-- On the wall of Joost van der Westhuizen's house in Johannesburg, next to Springboks jerseys from the three World Cups he played in, is a small picture with the following message.
"If you don't believe in heroes, then you haven't met my dad."
In the green of South Africa, he was the heartbeat of their 1995 Rugby World Cup-winning side and continued at scrum-half in both the 1999 and 2003 tournaments. The signs of motor neurone disease began in 2008 when he noticed a weakness in his right arm. By 2011, confirmation came of the brutal illness which continued to eat away at his once sturdy frame until he passed away on Monday, aged 45, surrounded by his family.
Tributes are rightly pouring in for the most combative of scrum-halves, a man who rivalled the best No.9s of the professional era, but his legacy is now two-fold with the work of his J9 Foundation continuing. He embodied the rarest of traits -- a hero twice-over in his lifetime.
When I visited Joost in the summer of 2015, his speech was slurred with his younger brother Pieter interpreting for him in the interview. The small body sitting upright in the wheelchair belied the fearsome scrum-half he was, but there was still that glint of mischief. The eyes were as active as ever with that steely determination he possessed during his playing days manifested through his efforts to continue living.
As was the case with the late, great Jonah Lomu, on-field memories of former stars revolve around eye-catching, sport-defining moments. For Lomu, it was running over the spread-eagled Mike Catt in the 1995 World Cup. With Joost, it was his tackle on Lomu in the 1995 final.
"I only did my job," Joost said back in 2015. "I think I fell, and he fell over me."
The image of Van der Westhuizen bringing down the bulldozing Kiwi who weighed in at 32kgs more than him was a wonderful metaphor for the country at the time, as Joost's 1995 team-mate Chester Williams remembered: "It showed what we can achieve -- if we stand together, we are a powerful nation."
At scrum-half, he was the hero of many. He was a combative, fast-tongued, fiercely talented No.9 and for many of the current scrum-halves, they reference him as one of their early heroes. Ireland centre Brian O'Driscoll said Joost was the "first of the new age nines" and comments from the South African's scrum-half peers support that.
Ex-Wales scrum-half Rob Howley said on Monday he was the greatest No.9 he faced while Matt Dawson, who played against Van der Westhuizen on the 1997 British & Irish Lions tour, said he was inspired "on and off the field" by his South African counterpart.
England coach Eddie Jones coached against teams including Van der Westhuizen and he paid tribute to him on Monday.
"I always remember the first game we played against them -- Brumbies v Bulls down in Whitbank I think it was, the middle of nowhere -- and he hadn't been playing and the Bulls had been on a bad run," Jones said. "We were looking to find some form. He played and they beat us easily. He was an influential player, dynamic leader of the team.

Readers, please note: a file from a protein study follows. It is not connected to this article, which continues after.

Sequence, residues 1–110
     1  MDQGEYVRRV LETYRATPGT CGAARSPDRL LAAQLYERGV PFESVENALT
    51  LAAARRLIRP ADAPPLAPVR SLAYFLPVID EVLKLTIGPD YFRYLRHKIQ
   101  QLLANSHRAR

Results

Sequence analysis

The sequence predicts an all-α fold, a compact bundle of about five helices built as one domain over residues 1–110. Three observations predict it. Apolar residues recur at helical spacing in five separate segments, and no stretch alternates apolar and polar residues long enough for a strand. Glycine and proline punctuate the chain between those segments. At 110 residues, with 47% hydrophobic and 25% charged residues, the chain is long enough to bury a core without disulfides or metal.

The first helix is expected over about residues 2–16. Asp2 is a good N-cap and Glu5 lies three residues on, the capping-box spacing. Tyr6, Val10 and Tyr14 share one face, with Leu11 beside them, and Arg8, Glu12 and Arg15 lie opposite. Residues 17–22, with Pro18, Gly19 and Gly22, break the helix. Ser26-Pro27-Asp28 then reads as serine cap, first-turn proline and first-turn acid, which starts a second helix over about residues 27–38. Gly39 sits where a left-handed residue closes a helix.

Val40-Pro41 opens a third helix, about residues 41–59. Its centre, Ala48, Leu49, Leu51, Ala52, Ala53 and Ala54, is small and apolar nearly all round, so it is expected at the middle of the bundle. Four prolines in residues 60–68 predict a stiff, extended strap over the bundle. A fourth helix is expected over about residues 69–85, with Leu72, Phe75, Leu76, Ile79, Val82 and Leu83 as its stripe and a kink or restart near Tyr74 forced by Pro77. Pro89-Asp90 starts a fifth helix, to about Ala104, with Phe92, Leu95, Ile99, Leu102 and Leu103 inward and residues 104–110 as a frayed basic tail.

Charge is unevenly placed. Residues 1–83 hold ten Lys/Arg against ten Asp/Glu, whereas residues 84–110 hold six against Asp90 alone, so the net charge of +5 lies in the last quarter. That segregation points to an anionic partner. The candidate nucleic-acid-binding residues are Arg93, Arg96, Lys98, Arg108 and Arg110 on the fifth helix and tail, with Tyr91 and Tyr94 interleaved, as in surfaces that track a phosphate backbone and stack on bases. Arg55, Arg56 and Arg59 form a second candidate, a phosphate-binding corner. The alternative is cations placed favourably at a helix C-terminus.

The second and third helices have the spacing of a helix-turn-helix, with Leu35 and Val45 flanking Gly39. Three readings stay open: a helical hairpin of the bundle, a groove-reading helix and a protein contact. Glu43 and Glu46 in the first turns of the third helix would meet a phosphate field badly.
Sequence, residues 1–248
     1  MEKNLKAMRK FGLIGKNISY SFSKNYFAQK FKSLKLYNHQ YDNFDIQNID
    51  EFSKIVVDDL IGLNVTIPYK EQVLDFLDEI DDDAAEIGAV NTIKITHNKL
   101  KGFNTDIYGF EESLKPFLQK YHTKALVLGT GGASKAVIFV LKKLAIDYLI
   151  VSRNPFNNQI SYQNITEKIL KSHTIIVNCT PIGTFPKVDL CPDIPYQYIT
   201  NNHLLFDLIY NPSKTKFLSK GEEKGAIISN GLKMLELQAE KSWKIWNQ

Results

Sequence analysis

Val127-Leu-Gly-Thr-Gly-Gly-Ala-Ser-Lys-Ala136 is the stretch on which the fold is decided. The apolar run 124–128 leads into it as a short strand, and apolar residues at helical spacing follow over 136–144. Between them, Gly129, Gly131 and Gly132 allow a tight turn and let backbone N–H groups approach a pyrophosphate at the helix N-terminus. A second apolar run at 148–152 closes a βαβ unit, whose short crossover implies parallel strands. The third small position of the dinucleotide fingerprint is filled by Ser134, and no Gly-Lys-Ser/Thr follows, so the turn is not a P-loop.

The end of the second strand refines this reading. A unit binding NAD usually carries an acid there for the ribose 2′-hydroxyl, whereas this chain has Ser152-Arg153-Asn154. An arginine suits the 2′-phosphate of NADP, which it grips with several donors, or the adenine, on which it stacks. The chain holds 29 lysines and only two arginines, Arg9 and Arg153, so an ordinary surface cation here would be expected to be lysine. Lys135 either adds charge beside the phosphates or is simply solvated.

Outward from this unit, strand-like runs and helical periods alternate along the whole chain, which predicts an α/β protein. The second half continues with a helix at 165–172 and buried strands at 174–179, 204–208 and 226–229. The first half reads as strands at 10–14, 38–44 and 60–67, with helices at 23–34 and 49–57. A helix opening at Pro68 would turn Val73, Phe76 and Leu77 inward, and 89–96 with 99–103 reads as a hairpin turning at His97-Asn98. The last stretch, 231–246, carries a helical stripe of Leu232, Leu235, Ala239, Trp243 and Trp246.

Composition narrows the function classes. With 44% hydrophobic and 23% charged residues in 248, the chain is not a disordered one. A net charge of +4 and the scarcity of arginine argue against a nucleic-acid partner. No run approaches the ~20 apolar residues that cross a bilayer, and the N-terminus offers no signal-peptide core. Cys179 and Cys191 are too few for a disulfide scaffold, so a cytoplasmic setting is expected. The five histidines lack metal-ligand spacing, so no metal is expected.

"He was a modern day half-back even back then -- big and fast, he could control a game. Joost was a great player. It's very sad for him and his family and obviously for South African rugby."
Van der Westhuizen won 89 caps for South Africa from 1993 to 2003, scoring 38 tries, in what was to prove the first section of his life.
After the 2011 diagnosis, a new chapter began and his focus was on helping others struck by MND. He started his J9 Foundation in 2011 and helped 78 families. When we spoke in 2015, the disease had taken its toll, leaving 42 families.
His message revolved around the multi-layered mission of bringing hope amid the darkness of the disease. "I know now for the first time how to invest our ideas to care for other people," he said. "When I was playing, everyone cared about me, including myself."
Lomu visited him in 2015. When the great All Black bid his final farewell to his old Springbok friend, he kissed him on top of the head and said, "Love you, my friend, and keep on fighting." They had talked about the transience, the unpredictability of life and the need to live and make the most of every moment. "You never know that until all that you have is taken away from you," Lomu said. "Both of us have that commonality." Both have now passed away, far too young.
Van der Westhuizen leaves his children Jordan and Kylie, his estranged wife Amor, and a legacy on two fronts: a great World Cup-winning scrum-half, but also a man who has inspired many in his brave fight against MND and the foundation in his name.